Finally, the court held that Arkansas had not proven its policy was the least restrictive means of accomplishing its objectives, especially when over 40 other state and federal prison systems permit similar beards. Arkansas didn’t show why it can search prisoner’s hair, clothes and quarter-inch medical beards, but not half-inch religious beards.

The Supreme Court has now heartily endorsed leading religious exemption statutes — RLUIPA and its sister statute, the Religious Freedom Restoration Act (RFRA) — three times in a row and twice unanimously. First, in 2006 in Gonzales v. O Centro, the court unanimously interpreted RFRA to favor a Brazilian spiritist church seeking an exemption from the federal drug laws to drink hallucinogenic tea. Second, in 2014 in Burwell v. Hobby Lobby, the court interpreted RFRA to favor religious business owners seeking an exemption from the government’s Health and Human Services contraception mandate. And now in Holt, the unanimous court instructed lower courts that burdens on religious freedom must face serious scrutiny — both in prisons and elsewhere.

So if you don’t live in Arkansas, you don’t wear a beard, and you’re not a prisoner, why does the Holt decision matter to you? If you care about religious freedom, Holt will help those defending it in the courts in at least three ways.

First, the Holt decision will help religious prisoners in other RLUIPA cases, such as Jewish prisoners seeking kosher diets. Second, the Holt decision will help religious plaintiffs in land-use cases, making it harder for local governments to treat poorly zoning requests from churches, synagogues and mosques. Third, the Holt decision will help RFRA plaintiffs because the same favorable legal standard (high justification for government burdens on religion) in RLUIPA also applies to RFRA. The Becket Fund is pursuing several RFRA cases, including defending a Native American church barred by discriminatory Interior Department rules from using sacred eagle feathers in its religious ceremonies. Others involve many nonprofit religious organizations opposing the HHS contraception mandate in cases expected soon to reach the U.S. Supreme Court.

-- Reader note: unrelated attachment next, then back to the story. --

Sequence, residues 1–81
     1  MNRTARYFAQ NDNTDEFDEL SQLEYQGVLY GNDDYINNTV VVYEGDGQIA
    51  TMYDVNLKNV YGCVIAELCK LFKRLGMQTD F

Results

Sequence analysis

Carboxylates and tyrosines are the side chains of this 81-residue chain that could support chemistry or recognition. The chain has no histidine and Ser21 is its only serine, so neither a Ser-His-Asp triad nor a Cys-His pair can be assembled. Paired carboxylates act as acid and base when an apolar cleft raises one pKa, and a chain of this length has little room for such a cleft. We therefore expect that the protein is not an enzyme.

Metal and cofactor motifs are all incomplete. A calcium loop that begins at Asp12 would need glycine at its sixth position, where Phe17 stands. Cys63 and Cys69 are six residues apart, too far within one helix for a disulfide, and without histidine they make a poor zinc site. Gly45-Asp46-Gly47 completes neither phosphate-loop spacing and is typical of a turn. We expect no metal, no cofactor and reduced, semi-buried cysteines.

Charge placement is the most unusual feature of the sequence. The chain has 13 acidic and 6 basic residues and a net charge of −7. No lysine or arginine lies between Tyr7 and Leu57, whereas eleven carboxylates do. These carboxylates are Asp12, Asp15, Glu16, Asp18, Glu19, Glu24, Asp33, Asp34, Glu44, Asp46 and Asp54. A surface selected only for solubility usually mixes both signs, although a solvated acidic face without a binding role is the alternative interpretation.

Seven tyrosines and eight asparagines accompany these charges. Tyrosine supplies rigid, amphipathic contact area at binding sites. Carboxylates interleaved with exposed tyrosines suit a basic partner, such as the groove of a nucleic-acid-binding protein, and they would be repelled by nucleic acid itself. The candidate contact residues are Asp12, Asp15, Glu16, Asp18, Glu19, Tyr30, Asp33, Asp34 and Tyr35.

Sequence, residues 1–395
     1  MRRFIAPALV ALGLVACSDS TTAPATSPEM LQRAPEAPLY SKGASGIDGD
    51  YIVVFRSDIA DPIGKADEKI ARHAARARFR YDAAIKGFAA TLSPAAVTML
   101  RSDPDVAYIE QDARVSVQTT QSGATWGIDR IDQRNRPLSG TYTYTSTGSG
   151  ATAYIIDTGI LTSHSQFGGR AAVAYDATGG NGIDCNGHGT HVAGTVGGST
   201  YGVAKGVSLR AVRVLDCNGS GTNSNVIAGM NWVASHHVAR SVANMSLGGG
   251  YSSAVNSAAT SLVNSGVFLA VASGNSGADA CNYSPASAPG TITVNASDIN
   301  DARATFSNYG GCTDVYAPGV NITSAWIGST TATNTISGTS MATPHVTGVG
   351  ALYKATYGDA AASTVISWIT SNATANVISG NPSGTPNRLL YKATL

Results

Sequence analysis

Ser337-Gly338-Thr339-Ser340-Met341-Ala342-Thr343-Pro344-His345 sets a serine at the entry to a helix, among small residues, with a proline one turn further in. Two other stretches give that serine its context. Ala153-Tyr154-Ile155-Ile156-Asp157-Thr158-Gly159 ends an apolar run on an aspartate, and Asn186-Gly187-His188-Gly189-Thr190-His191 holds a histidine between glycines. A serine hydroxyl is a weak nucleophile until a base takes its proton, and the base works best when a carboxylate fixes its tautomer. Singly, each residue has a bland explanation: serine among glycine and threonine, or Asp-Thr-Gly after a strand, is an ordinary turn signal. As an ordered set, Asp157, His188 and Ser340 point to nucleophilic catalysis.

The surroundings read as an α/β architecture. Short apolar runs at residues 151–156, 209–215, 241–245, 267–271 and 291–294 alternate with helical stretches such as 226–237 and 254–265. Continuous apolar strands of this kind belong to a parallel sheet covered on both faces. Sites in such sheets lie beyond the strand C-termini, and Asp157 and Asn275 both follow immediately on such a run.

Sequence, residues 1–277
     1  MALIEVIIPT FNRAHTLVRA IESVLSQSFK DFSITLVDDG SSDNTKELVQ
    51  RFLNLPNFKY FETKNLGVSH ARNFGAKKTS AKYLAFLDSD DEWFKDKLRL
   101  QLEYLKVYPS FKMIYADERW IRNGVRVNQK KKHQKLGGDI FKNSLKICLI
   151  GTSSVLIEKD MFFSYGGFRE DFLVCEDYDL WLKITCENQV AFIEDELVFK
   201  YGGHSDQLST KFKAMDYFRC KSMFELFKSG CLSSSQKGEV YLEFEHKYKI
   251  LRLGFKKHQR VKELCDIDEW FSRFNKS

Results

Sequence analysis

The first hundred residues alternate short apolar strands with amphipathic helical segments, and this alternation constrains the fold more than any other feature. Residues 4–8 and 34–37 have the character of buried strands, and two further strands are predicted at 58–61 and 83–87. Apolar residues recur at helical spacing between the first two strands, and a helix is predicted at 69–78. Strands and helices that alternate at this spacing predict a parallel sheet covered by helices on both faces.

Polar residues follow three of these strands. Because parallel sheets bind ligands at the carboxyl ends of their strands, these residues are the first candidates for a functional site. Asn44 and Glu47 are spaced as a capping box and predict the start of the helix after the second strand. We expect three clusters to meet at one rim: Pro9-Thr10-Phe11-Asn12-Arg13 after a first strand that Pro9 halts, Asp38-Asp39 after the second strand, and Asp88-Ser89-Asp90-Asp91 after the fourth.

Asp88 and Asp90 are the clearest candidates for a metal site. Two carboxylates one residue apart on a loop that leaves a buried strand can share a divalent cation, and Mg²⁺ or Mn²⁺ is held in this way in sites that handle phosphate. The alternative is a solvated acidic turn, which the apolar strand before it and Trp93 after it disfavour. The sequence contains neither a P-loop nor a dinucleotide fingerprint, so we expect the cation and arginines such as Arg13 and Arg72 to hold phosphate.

9 comments on this story

The Holt decision is a solid victory for a prisoner who sought to wear a beard in accord with his Muslim faith. But it’s an even more important victory for religious freedom generally, because it shows that the U.S. Supreme Court’s commitment to religious freedom for Americans of all faiths endures.

Hannah C. Smith twice clerked at the U.S. Supreme Court and is a member of the Deseret News Editorial Advisory Board. She is senior counsel at The Becket Fund for Religious Liberty, a public interest law firm that defends religious liberty for people of all faiths. The Becket Fund was co-counsel at the Supreme Court in the Holt v. Hobbs case.